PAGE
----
Hundreds of surfers flock to River Severn to catch this weekend's 'super' tidal bore

The phenomenon is due to the Severn's massive tidal range - the third largest in the world

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Surf was up in one of the seemingly unlikeliest of places over the weekend, when hundreds flocked to the River Severn to catch this weekend’s “super” tidal bore.

Despite being miles in from the coast, surfers were on hand to make the most of this weekend’s  tidal bore, the incredible natural phenomenon that sees tidal surges create massive waves along the Severn estuary.

While it might have been a far cry from the clear blue waters and golden beaches of the Australian coast, surf enthusiasts still seemed to revel in the chilly waters and muddy breaks over the weekend. Steve Potter, a local surfer said: "It's a constant power, because it's the front of the tide. It's good fun, though. It's much more camaraderie because you've got five guys on a wave all trying to go together. You could have thirty guys downstream. So, it's good fun."

The phenomenon is due to the massive tidal range of the River Severn - the third largest in the world. This means the Atlantic tides that travel into Bristol Channel can travel up the Severn causing a tidal bore.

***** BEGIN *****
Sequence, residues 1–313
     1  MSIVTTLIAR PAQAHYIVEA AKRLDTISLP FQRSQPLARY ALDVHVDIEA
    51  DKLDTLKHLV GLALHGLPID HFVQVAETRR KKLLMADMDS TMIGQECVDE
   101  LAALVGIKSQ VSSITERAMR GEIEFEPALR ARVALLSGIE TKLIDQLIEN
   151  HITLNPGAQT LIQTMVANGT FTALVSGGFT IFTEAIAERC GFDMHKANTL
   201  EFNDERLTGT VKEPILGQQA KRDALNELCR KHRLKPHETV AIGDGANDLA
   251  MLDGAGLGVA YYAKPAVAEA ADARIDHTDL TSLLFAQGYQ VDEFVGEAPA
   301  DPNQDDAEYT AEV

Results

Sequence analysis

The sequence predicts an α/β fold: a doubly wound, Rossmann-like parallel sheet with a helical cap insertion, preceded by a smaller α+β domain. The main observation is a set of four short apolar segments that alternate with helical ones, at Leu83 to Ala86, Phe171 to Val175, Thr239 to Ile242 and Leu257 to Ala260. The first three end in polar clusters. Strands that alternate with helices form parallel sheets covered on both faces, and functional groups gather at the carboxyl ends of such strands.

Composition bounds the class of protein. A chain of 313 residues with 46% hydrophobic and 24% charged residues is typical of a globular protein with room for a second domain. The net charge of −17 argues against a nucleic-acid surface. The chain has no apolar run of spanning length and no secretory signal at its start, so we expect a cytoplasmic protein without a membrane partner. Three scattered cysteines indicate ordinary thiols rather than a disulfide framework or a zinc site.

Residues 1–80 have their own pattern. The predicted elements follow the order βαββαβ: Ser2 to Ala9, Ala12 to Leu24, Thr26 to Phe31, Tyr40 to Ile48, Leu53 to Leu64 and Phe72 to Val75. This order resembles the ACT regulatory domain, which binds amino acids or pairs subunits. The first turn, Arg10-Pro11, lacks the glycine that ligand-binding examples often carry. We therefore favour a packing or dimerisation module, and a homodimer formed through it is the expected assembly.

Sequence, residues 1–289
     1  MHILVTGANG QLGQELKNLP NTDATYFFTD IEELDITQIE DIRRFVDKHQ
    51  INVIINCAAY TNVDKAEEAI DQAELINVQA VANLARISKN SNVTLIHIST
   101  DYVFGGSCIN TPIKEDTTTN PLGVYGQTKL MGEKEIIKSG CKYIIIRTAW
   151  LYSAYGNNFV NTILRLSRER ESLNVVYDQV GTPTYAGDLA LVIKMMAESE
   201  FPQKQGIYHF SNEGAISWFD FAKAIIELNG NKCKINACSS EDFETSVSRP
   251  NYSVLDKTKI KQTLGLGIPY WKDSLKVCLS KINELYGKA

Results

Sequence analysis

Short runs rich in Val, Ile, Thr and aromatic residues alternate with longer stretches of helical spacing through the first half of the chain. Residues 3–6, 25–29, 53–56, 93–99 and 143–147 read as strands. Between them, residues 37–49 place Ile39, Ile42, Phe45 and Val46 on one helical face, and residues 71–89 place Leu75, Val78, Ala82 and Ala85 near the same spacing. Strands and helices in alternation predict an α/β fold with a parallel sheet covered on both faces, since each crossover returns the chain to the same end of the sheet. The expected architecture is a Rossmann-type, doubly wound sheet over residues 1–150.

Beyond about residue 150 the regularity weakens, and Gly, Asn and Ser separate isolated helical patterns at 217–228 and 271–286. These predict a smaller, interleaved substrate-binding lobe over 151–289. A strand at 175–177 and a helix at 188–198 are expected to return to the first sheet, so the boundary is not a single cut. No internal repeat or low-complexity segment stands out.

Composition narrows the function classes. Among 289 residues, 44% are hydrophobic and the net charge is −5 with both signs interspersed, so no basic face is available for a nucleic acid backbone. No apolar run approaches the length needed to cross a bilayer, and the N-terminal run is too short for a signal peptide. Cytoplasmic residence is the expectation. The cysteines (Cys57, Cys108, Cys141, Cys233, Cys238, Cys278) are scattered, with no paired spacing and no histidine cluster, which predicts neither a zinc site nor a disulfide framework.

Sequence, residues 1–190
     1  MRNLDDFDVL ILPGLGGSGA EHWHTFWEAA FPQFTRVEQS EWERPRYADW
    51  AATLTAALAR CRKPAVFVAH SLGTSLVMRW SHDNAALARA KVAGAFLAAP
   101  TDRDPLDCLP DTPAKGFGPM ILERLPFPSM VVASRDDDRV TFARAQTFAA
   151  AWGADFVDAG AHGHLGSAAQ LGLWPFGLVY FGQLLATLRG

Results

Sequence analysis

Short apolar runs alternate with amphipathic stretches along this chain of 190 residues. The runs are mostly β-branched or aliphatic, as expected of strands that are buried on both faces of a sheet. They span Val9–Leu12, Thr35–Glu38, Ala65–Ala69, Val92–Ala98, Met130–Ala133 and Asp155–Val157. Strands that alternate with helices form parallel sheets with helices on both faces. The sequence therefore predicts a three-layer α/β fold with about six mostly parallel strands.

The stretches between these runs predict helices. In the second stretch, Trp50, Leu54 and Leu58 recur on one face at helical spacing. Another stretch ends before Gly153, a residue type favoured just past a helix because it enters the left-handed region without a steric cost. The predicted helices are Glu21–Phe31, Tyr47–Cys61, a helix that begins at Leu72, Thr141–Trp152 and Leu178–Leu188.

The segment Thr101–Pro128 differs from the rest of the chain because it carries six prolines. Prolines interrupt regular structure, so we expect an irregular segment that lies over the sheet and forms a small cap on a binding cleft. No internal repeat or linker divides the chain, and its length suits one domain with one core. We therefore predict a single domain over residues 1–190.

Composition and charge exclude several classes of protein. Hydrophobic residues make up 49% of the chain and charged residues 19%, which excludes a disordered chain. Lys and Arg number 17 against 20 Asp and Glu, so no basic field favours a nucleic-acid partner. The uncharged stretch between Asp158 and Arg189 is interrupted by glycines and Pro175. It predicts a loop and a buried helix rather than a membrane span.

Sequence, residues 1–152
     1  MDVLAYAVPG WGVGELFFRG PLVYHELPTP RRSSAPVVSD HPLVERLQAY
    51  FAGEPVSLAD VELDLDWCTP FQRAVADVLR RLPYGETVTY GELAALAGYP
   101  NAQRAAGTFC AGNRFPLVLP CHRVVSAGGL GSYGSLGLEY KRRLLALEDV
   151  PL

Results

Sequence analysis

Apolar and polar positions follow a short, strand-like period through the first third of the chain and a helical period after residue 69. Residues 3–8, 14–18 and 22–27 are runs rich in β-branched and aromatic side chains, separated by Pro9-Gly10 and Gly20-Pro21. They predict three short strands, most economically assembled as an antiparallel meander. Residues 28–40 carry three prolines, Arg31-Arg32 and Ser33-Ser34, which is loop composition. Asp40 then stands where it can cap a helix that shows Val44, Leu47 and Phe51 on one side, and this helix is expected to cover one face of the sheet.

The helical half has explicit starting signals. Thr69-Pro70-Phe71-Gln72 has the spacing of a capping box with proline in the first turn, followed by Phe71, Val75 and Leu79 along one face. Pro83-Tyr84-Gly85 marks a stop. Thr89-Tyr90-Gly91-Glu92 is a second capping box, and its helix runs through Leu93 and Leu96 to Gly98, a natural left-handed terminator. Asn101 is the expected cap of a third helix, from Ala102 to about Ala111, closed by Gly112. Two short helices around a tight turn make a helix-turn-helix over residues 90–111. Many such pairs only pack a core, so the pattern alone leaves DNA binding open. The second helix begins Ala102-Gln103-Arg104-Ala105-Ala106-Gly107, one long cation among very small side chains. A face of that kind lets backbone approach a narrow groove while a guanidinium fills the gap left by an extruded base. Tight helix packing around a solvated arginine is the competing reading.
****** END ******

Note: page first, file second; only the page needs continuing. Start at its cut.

467124854.jpgWhen the tide is high, more water is forced up the Severn, creating waves that can last for miles.

The longest wave to ever be surfed on the estuary was by railway engineer Steve King, who in 2006 rode the bore for 9.25 miles.

One surfer riding a wave down the Severn on Saturday (AFP/Getty/Geoff Caddick)

“It is really exciting,” said experienced surfer Spencer Webb. “When you have been surfing for years you lose that excitement when you are searching for a beach break all the time, but this brings it all back again, because it is so exciting and so different.”

Another surfer takes on the tidal bore (AFP/Getty/Geoff Caddick)

According to the Severn Bore website that predicts when each bore will occur, three more are expected over the next three days, after that ,the next one will occur on April 17.